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Practice Management > Marketing and Communications > Client Retention

Golden marketing rules

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Yes, it’s true that intuition and creative know-how are prime ingredients for marketing success. However, savvy agents would do well to commit to memory the following marketing tenets that can help them create repeated marketing success.

  • 80% of your business comes from 20% of your clients. Study your first-tier clients to identify common patterns and characteristics. Then use that intelligence to effectively “clone” those best clients by focusing on prospects that exhibit similar needs, perspectives and behaviors.
  • You only have one opportunity to make a first impression. Prospects will be most receptive if you offer a product that meets their specific needs. Segment your clients to determine which segments most often purchase a given product or service. Then segment prospects to provide each individual with a product/service offering that addresses his or her specific circumstances and preferences.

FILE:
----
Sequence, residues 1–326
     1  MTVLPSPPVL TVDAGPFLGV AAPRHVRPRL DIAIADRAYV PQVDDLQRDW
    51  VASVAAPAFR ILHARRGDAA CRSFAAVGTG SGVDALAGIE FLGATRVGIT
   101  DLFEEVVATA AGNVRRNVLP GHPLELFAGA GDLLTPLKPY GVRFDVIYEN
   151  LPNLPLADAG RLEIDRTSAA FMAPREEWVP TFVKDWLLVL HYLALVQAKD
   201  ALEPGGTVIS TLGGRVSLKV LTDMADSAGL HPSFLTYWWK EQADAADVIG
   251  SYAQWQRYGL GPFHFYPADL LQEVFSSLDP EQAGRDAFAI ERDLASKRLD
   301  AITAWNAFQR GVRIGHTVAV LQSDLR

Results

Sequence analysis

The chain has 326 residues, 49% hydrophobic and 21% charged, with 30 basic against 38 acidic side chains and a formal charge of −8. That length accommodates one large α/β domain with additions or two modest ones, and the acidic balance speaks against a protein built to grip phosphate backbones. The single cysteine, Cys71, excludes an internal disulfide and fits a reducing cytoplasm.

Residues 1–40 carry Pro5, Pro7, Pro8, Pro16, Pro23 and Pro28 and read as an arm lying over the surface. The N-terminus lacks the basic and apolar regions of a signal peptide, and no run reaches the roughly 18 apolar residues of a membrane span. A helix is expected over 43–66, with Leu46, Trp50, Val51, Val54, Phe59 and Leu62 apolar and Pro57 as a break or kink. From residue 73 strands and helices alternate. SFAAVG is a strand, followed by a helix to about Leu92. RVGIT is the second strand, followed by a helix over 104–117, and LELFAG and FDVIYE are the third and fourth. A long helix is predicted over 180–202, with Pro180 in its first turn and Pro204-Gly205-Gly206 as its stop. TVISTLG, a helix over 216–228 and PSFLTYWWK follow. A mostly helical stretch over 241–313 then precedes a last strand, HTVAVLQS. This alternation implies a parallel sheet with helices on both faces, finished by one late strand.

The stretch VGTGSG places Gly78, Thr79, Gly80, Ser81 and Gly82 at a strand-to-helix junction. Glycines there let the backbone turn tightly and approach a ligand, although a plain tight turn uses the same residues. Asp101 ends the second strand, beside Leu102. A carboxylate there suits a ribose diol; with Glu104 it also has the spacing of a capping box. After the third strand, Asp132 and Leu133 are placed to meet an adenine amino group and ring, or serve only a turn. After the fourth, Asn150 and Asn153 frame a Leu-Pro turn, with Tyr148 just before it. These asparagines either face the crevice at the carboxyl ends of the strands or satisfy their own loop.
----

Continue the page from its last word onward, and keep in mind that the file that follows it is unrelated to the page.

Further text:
• Cross-selling forges multiple links that reinforce client relationships. Research shows that client retention rates correlate directly to the number of products the client uses. The average retention rate is: 14% for clients who use just one product/service from a given firm; 56% for those who use two products; and 83% for those using three or more products from the same firm. Therefore, you can cement client relationships and enhance account profitability by developing focused cross-sell programs that target vulnerable single-product households.
  • It costs five times more to sell to a prospect than to a client. One of the most fundamental business maxims is a cardinal rule in financial services: Nobody does business with strangers. You and your firm invest significant marketing resources to convert a stranger to a valued client. You can further leverage that investment by using your client information to facilitate the development and launch of effective client retention programs that build stronger relationships.

This article is adapted from a new book, The Professional’s Guide to Financial Services Marketing: Bite-Sized Insights for Creating Effective Approaches (Wiley Publishing), by Jay Nagdeman. For more information, visit